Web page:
The story may sound familiar: the president dismissed the importance of the Russia scandal yesterday, insisting it was nonsense made up by Democrats to justify their defeat.
Except in this case, it wasn't our president making the argument. The Associated Press reported:
Russia's President Vladimir Putin says the allegations of Russian meddling in the U.S. presidential election are "fiction" invented by the Democrats in order to explain their loss.In an interview with French newspaper Le Figaro, Putin reaffirmed his strong denial of Russian involvement in the hacking of Democratic emails.... He said the claims of Russian meddling are driven by the "desire of those who lost the U.S. elections to improve their standing by accusing Russia of interfering."Putin added that the "people who lost the vote hate to acknowledge that they indeed lost because the person who won was closer to the people and had a better understanding of what people wanted."
For the record, the "people who lost the vote" in the American presidential election were the people on the Republican ticket, which received nearly 3 million fewer votes.
Nevertheless, just hours earlier, Donald Trump was making the same argument via Twitter, insisting that the scandal is "a lame excuse for why the Dems lost the election."
We also learned yesterday that House Intelligence Committee Chairman Devin Nunes (R-Calif.), one of Trump's most enthusiastic congressional allies, spoke at a Republican fundraiser recently and said Democrats are pushing the Russia scandal because they believe "Hillary Clinton would have never lost on her own."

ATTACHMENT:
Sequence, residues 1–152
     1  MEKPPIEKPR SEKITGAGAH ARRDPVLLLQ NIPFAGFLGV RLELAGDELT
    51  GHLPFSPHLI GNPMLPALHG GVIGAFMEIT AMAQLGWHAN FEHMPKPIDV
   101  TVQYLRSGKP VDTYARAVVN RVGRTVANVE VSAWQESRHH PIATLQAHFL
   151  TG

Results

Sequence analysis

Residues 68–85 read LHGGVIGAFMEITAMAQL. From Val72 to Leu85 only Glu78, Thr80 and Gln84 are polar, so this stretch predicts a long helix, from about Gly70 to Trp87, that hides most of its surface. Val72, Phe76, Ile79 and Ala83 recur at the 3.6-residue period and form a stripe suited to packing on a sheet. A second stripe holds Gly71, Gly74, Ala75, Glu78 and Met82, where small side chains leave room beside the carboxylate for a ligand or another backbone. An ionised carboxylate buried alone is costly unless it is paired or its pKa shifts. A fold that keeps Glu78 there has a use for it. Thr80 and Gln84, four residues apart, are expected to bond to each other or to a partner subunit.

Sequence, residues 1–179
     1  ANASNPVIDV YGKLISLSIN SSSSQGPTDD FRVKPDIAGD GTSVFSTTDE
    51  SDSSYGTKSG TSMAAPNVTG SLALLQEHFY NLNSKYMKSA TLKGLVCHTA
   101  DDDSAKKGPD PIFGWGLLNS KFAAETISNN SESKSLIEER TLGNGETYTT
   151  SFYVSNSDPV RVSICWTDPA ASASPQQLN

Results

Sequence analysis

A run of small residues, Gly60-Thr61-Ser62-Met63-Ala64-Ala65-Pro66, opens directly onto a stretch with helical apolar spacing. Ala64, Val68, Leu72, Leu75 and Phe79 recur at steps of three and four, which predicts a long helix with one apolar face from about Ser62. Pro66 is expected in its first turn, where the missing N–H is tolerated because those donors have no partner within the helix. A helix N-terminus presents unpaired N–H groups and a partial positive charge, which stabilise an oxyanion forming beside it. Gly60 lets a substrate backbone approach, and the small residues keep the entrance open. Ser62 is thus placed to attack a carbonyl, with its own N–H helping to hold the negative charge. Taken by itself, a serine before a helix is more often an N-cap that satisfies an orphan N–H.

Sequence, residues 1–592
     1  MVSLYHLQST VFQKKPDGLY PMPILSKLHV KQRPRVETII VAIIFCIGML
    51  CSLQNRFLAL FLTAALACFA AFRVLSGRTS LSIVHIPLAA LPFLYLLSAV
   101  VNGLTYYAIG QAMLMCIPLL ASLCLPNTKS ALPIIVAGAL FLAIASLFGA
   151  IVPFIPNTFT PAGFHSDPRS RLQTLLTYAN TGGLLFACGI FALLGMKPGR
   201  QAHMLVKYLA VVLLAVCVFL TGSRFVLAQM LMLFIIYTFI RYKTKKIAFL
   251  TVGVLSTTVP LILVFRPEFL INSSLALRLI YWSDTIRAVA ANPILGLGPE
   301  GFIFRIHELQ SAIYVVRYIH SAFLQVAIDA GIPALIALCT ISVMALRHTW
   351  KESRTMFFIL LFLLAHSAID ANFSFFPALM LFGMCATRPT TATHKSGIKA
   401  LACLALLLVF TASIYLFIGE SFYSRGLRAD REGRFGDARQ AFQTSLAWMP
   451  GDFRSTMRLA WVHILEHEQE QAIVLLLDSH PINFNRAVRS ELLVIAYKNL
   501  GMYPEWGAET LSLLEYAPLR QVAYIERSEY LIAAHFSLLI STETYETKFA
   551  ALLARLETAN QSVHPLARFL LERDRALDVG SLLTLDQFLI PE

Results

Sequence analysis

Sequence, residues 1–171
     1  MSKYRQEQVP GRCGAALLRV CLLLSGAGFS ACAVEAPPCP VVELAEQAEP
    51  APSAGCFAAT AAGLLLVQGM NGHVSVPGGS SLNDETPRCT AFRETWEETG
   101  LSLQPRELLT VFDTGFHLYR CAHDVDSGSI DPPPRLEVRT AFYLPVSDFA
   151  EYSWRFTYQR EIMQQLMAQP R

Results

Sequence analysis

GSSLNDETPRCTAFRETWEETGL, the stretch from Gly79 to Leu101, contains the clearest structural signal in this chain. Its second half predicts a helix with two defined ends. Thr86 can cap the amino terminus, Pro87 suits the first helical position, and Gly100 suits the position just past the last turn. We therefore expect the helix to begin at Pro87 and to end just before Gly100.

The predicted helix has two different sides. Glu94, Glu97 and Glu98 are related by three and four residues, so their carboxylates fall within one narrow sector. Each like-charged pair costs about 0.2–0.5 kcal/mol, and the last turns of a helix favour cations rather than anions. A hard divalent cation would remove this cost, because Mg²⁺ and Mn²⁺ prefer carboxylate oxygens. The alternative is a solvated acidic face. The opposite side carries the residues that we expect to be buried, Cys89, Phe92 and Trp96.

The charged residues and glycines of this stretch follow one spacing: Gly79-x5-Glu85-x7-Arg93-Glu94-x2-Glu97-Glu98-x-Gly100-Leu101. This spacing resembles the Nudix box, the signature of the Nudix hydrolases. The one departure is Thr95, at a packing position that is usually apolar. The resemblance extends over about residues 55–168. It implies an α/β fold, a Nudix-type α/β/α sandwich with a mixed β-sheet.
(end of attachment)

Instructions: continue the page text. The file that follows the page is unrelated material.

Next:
Oh, good. We've reached the stage in the controversy in which Vladimir Putin and Republicans are reading from the same script.
There are a couple of key points to keep in mind in response to a story like this. The first is that the Putin/GOP argument is plainly false. In fact, it can be discredited in just seven words: the FBI's investigation began in July 2016. The scandal couldn't have been a response to the election results unless federal investigators had access to a time machine.
The second point, however, is more substantively significant: as regular readers know, Russia wants U.S. officials to raise doubts about the country's role in attacking the American presidential election last year. Republicans like Trump and Nunes aren't just echoing the Russian autocrat's talking points, they're defending Putin's scheme by boosting the Kremlin's propaganda strategy.
A couple of weeks before the election, in a presidential debate, Hillary Clinton said Putin would "rather have a puppet as president of the United States." Trump quickly responded, "No puppet. No puppet. You're the puppet! No, you're the puppet!"
Seven months later, the exchange still resonates for a reason.